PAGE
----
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budget and debt ceiling, has already led economists to push back their expectations for when the Fed will begin to taper its asset purchases.
"There is every indication that Yellen has a very sensitive ear to the issues of spillovers, the concerns of emerging markets and understanding of the need of a more consistent way of communication," South Africa's Finance Minister Pravin Gordhan told Reuters on the sidelines of the IMF and World Bank semiannual meetings this weekend.
His Brazilian counterpart, Guido Mantega, told Reuters he favored a gradual withdrawal of the U.S. stimulus.
BE CAREFUL WHAT YOU WISH FOR
Some analysts, however, said emerging markets would do better shoring up their economies than pinning their hopes on the Fed's ability to avoid market disruptions.
"When the tapering comes it will be tough for everyone," said James Barrineau, who helps manage $1.89 billion in emerging market debt for Schroders Plc. "We will see additional volatility in the market."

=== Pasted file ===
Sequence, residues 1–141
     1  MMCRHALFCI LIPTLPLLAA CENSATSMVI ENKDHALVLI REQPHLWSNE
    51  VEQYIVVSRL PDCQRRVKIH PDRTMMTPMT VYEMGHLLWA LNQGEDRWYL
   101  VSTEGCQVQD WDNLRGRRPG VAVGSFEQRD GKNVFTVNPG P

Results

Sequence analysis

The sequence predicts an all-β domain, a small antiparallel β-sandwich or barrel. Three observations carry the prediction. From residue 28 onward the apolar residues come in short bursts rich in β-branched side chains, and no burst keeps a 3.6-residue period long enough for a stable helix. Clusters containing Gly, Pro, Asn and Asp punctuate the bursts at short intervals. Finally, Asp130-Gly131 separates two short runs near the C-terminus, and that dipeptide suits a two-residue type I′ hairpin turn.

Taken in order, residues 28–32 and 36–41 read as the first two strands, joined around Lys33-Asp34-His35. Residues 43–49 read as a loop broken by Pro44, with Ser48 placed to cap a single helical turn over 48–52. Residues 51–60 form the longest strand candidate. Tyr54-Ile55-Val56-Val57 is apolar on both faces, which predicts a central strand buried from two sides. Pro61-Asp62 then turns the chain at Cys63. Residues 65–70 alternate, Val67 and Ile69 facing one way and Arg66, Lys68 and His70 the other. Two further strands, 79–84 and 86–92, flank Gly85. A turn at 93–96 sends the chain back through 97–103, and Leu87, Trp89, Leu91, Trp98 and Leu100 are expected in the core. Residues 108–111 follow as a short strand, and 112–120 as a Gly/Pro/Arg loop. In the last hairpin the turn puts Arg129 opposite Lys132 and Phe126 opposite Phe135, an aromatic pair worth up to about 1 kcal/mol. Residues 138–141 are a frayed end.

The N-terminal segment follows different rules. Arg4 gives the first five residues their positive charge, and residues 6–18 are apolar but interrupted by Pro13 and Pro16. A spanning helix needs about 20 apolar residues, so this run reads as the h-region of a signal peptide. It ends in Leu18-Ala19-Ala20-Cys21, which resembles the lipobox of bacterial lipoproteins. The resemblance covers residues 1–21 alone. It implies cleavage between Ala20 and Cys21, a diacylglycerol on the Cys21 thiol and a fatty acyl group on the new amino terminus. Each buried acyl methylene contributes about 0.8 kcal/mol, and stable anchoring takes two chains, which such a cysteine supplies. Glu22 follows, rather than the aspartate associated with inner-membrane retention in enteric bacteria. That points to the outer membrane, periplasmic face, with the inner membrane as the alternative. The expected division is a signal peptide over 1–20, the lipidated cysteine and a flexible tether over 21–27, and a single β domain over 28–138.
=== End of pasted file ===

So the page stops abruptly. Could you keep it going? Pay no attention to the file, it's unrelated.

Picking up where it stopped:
"The assumption that we will have a period of smooth sailing is misguided," he said.
Emerging nations are better prepared to handle higher U.S. borrowing costs than they were in the past, but they still need reforms to strengthen their economies.
A decade of high commodity prices, rising global liquidity and rapid growth that brought dozens of millions of poor into the middle class bolstered the finances and economies of nations from Turkey to Mexico and Brazil.
However, those engines of the global economy have lost steam in the last few years as structural reforms to relax labor laws and bring in long-term investment have lagged.
"I think it's good to have some pressure on emerging-market nations for them to do their own homework," said Alberto Ramos, chief Latin America economist for Goldman Sachs. "It's good that they find endogenous sources of growth rather than just ride the global wave of high liquidity."
Without those reforms many emerging economies could get burned if the Fed ends up dragging its feet for too long and decides to correct course drastically later on.
"When the Fed realizes that they need to taper it would be a bit late and they may need to do it faster,"